Case Report: Cardiac Arrest in a Man Who Has Overdosed

Guillaume Davido, MD

Disclosures

March 09, 2022

The patient's medical history and condition point to opioid poisoning. This young man, who has psychiatric and addictive comorbidities, experienced cardiac arrest, responded to an opioid antagonist medication (naloxone), and had symmetrical miosis in both eyes. In addition, the patient has track marks (suggesting IV injections of substances such as methadone or heroin). Waking up agitated after the administration of naloxone is an antagonizing effect that can be explained by the presence of opioids in the patient's system.

Because the ECG is normal, we can rule out other types of poisoning, such as that caused by tricyclic antidepressants (which elevates the risk for a membrane stabilizing effect on the ECG), digitalis (which elevates the risk for arrhythmia and conduction disturbances on the ECG), or cocaine (which elevates the risk for acute coronary syndrome).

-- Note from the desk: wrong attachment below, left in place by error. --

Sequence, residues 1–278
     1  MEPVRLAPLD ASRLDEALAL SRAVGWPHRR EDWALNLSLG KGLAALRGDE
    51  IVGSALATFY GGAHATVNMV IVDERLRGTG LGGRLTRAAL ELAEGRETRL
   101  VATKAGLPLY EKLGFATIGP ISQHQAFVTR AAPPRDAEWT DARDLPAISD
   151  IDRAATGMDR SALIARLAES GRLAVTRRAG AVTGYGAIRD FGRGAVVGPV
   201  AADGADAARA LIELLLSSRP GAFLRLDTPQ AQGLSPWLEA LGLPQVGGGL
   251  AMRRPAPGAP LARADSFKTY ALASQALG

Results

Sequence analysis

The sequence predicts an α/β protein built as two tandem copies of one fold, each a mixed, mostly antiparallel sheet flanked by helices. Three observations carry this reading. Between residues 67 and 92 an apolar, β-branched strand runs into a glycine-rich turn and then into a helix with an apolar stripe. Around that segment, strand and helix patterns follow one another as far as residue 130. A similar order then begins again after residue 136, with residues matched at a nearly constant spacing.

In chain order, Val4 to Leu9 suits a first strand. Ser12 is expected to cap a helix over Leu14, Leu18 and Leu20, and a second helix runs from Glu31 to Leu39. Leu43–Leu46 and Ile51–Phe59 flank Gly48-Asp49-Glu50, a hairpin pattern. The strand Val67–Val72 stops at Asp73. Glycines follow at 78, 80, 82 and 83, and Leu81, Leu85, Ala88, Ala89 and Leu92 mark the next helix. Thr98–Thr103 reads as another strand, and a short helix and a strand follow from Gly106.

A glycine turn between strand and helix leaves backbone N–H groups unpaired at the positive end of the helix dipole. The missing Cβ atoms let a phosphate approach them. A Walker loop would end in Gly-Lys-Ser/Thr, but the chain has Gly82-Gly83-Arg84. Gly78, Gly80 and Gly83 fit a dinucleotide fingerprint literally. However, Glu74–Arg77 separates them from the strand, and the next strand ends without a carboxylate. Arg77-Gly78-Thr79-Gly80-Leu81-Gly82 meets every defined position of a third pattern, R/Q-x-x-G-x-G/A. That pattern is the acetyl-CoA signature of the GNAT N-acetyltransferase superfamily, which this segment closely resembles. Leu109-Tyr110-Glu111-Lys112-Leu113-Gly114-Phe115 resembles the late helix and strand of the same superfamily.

Finally, there's not much to suggest acute alcohol poisoning (for example, there is no smell of alcohol on the patient's breath, and he is currently withdrawing from alcohol dependence).

When the patient fully regains consciousness — his GCS score is 15/15 — his diagnosis is confirmed. He tells you that he doesn't understand what happened to him, because — he admits — he's been opioid-dependent for a long time and hasn't made any recent changes to his opioid use. However, he informs you that he was just discharged from the hospital — where he had been for several weeks after experiencing a fracture — and that he stopped all substance use during that period.

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